The Facebook Experiment

My Facebook profile is pretty standard. I have a nice and clear profile picture that depicts me in some very nice clothes, my cover photo is very artistic, my “Likes” are mainstream and show what I am actually like (with some dashes of sophisticated taste here and there,) and I have very detailed and updated personal information which include where do I go to school, my major, and where do I work. Overall I present what Liu would call a “Prestige statement” with drops of “Authenticity statements” sprinkled around.  So for this post I have decided that I would change my Facebook profile. And boy did I change it. I decided to go all out with a totally new look and details that would portray a “Theatrical statement.” I changed my profile picture, my cover photo, I added new “Likes” such as Tampax, Romney, and The Christian Youth Association, and changed my personal information to being a 34 year old women who is “in an open relationship” status. What I thought would change right away was the advertisements on the side, but to my surprise nothing too drastic appeared, maybe it takes more than a few days for Facebook to apply their algorithm and change my ads.

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What I also did was I posted status updates and Instegram pictures that I would not normally post. These included pictures of objects I would never take picture of in my life, and the captions and status updates that I posted were very unlike what I usually post, and involved elements of performance, or “restored behaviors” that were mentioned in Papacharissi‘s article Without You, I’m Nothing:  Performances of the Self on Twitter . The elements I used included “Play“— In my case I used lighthearted humor and Hashtags, and “Reordering” and “Exaggeration“— which in my case included playing around with the grammar and selecting a certain kind of punctuation to express overstatement.

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I was very intrigued to see how my friends would react to this sudden and drastic change. Especially due to the fact that I have two distinct groups of friends on Facebook, which include my American friends on the one hand, and my Israeli friends from back home on the other. Oh yes I almost forgot, I also have my mom and sister as Facebook friends, a joyous detail which I forgot, a perfect example of what Marwick & boyd refer to as my “nightmare audience,” and a classic example of “context collapse“. All of my friends reacted pretty much the same, and comments varied from person to person and from platform to platform. I got some pretty interesting and funny comments on Facebook, text messages from concerned friends, a call from my sister and an email from my mom. All of these had one thing in common— they all thought someone broke into my Facebook account and/or stole my phone/laptop. Back home In Israel me and my friends have a thing that we do, a little prank we pull on our friends whenever they leave the room and leave their laptops on open to their Facebook accounts, or if they leave their phone on the table. We call it a “Facebook terrorism attack,” an Israeli equivalent to the American “Frape” (Facebook rape.) We mostly mess around with status updates or put phallic pictures as profile pictures, the usual. The reaction is priceless, especially when the victim does not discover the changes until a few days later.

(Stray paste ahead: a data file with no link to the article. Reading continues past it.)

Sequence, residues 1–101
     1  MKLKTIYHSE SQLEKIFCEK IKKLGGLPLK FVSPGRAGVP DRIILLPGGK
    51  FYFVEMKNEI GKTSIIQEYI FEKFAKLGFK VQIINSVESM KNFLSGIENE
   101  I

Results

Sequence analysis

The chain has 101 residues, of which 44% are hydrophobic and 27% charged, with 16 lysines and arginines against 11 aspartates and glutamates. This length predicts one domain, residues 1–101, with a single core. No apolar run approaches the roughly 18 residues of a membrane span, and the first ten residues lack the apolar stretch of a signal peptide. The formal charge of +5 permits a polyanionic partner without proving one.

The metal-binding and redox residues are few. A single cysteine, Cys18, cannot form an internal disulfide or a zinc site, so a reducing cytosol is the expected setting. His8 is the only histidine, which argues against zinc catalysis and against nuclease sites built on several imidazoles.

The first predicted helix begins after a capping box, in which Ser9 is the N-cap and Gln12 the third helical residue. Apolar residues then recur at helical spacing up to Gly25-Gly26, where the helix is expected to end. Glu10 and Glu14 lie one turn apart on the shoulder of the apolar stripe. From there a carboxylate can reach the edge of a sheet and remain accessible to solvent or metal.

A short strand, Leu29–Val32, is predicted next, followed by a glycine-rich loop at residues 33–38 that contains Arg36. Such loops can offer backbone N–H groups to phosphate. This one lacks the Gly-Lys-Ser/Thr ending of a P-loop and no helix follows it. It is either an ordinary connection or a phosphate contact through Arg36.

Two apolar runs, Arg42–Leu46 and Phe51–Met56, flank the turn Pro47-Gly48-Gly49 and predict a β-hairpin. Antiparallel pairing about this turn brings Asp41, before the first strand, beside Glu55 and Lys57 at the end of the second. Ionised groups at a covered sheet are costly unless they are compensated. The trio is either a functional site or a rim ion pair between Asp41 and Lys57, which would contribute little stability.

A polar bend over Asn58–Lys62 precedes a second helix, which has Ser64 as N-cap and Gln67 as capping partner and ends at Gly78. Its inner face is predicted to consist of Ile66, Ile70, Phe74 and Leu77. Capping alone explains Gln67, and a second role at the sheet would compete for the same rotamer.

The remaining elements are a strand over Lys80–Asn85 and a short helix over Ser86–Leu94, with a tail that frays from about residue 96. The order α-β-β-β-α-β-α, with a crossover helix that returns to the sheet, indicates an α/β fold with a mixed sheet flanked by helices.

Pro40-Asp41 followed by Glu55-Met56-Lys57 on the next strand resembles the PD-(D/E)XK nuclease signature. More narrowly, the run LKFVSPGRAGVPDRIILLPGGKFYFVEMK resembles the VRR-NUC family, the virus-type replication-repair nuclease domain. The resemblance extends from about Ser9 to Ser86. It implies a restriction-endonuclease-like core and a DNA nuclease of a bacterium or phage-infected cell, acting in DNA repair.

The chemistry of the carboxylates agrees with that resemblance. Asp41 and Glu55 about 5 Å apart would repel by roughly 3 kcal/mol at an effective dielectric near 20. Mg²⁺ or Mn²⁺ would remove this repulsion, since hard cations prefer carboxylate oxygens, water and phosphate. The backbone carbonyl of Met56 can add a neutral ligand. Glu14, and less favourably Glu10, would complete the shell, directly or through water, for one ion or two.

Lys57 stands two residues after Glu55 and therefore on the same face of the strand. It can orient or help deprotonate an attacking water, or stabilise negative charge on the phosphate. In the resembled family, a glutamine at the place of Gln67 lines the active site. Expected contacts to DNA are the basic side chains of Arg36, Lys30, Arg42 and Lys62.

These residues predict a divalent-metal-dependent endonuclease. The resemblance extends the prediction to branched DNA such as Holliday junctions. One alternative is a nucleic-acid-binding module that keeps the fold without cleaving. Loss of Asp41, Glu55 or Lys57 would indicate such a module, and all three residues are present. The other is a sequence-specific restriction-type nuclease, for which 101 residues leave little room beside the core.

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Except for “Likes” that I got from my sister who is like Tom from Myspace, sharing her “Likes” with me on every occasion, I did get a lot of “Likes” to most of the changes I made which did make me feel like people care about me in a certain way and were very supportive of my Facebook sex change and future time travel.  But honestly, I felt a certain discomfort when changing my Facebook profile. The person I presented wasn’t myself, or even close to my true self. It felt very inorganic. The scariest thing was that all of my changes were now on the Facbebook servers, and will probably stay there until the end of time or the end of Facebook, whichever comes first (I think time.) This process of what Weber & Mitchell refer to as some sort of trail or “digital fingerprint” made me even more self-conscious about the process, as these changes are now a permanent part of my online identity. When finally changing my details back after this weekend social-experiment participant-observation, I actually sighed, smiled, and had a very good night sleep.

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